Born in 1959 in the Banater Bergland, but with Styrian roots, I started my fly fishing and fly tying career very early. Since a river (the Bersau) crossed my birthplace and I spent a lot of free time on its banks, the tendency to fish was there very soon. At that time there was no internet and only one TV channel. As a child and later as a teenager, I looked for something to do in my free time. Somehow it was nature that was magical for me. My grandfather and my father, both very close to nature, contributed a lot to me spending a lot of time in nature.
The fishing thing came kind of naturally: Together with other young people, I fished with natural lures. I came to fly fishing by chance and also out of need and lack of natural lures. A friend of my father’s, who was familiar with fly tying and fly fishing and whom we once met on the water, introduced me to this “new” world. As an 11-year-old at that time, I was already enthusiastic about it. It was not difficult either. Fly tying came very easily to me. Apparently, I had inherited some craftsmanship from the family, as most of them had a handicraft trade. The long summer holidays also came in handy, with plenty of time for fly tying and fishing. In the beginning I didn’t have any tools for it and had to hold the hook in my left hand to make the fly. Materials, catalogues and everything you know today were not available back then. Grandmother’s sewing box and the own poultry farm were the sources of materials. Trade magazines and instructions did not exist at that time. Despite all the obstacles, I have remained faithful to fly fishing and this wonderful creature, the fish, to this day.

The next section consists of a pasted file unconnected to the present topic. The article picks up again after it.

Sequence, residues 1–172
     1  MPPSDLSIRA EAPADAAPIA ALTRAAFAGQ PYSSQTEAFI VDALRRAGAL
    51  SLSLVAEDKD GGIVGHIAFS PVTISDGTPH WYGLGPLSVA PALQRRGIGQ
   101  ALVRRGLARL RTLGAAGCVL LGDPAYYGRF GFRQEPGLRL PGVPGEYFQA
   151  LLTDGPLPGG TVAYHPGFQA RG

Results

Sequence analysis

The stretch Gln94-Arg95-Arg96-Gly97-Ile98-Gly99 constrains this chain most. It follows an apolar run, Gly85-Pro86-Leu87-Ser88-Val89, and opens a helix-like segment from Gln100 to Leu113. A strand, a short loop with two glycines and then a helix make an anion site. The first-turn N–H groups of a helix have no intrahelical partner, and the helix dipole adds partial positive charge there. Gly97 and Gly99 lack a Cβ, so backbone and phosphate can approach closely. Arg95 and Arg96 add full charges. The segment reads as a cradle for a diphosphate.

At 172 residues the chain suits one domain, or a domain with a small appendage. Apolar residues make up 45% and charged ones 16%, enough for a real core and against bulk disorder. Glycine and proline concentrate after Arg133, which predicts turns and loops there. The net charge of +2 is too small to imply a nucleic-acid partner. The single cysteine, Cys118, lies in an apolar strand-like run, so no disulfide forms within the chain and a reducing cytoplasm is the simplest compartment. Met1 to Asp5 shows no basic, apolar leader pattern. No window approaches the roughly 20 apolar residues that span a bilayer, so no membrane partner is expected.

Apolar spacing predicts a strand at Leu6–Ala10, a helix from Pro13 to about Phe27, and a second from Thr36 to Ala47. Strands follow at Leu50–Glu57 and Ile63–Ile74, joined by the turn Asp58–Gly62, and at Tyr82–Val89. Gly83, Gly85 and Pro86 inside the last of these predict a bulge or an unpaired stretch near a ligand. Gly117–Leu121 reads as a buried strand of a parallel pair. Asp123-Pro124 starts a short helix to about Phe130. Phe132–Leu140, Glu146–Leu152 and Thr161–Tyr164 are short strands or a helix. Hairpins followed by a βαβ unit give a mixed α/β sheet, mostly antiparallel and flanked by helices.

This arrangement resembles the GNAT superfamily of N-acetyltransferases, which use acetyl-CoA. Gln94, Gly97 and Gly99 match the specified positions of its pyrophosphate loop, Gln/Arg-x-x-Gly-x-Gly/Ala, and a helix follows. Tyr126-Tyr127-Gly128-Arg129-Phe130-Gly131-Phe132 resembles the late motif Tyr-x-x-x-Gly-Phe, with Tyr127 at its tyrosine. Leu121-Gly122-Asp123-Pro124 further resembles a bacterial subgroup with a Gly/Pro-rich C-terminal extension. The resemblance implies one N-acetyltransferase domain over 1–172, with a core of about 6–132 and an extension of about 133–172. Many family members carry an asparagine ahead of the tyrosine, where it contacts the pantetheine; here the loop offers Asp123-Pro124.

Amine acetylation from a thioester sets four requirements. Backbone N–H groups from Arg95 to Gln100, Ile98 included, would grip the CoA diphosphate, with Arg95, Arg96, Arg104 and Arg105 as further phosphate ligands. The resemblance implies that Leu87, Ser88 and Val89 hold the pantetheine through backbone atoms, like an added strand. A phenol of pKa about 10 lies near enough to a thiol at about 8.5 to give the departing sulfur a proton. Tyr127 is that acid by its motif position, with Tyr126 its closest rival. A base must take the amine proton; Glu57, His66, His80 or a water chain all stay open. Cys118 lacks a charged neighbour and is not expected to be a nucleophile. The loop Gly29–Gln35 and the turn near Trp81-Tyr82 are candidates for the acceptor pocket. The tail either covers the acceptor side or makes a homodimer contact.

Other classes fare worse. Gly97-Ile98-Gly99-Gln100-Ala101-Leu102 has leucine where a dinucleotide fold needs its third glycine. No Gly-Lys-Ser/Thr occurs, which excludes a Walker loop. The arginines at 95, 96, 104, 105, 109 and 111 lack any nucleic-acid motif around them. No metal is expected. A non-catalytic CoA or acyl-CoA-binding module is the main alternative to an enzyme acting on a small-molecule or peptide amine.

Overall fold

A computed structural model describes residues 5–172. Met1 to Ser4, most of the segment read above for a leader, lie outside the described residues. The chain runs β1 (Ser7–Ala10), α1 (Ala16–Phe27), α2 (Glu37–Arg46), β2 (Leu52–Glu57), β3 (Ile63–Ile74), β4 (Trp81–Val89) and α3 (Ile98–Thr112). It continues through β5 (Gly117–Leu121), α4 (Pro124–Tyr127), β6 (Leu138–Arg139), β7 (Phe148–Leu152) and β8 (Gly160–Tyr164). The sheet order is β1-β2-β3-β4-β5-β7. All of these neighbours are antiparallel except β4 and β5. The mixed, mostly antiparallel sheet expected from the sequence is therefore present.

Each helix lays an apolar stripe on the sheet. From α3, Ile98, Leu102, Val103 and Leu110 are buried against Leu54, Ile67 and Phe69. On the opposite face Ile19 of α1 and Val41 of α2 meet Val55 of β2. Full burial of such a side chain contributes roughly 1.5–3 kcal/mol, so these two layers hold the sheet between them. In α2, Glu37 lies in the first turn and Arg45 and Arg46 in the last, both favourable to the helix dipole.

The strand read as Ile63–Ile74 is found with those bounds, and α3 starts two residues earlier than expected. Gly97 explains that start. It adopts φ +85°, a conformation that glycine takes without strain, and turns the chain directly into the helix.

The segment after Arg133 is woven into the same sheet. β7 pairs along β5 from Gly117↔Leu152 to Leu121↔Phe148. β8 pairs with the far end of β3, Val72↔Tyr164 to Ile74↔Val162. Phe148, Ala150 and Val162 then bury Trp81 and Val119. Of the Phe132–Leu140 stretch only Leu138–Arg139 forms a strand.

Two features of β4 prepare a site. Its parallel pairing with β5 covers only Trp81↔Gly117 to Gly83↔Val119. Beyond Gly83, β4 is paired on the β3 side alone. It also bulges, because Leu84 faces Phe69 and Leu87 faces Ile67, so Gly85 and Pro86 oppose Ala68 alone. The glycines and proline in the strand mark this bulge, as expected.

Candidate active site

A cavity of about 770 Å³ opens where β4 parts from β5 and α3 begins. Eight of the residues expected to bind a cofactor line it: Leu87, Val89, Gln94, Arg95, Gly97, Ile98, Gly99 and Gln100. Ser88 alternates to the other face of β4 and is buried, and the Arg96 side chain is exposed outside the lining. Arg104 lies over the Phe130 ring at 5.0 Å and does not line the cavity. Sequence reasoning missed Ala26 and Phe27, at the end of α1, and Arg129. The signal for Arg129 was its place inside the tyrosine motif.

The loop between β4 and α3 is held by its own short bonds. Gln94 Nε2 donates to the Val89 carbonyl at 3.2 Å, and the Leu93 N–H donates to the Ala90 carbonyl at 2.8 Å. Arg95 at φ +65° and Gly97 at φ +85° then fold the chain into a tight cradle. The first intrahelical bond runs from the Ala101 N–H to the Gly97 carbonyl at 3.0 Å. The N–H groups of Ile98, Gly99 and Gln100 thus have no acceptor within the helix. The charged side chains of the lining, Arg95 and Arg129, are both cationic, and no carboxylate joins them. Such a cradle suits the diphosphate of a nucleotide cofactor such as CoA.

Also in my home of choice, Bavaria, where I moved in 1990, I have never stopped fishing and tying, and I have not forgotten everything I learned as a child. It still works today, despite new tying techniques and materials. Grey and black patterns and the wet fly never let you down. Having moved to Karlsfeld for work, I enjoy fly fishing in the stream on my doorstep (in the Würm) but also in other waters. I mainly fish for trout and grayling and have also pulled the odd pike out of the water. However, I prefer fishing in the mountain waters (both in Bavaria and Austria), where fly fishing is a challenge and a lot of tact and experience is required in the torrential streams.
My motto: “There is no such thing as a bad fly” is something I try to convey to every fly fisherman. The best fly – visually speaking – without a suitable guide is not worth much. You just have to keep at it and, more importantly, stay original. Fly tying is, in my opinion, a creative and wonderful hobby.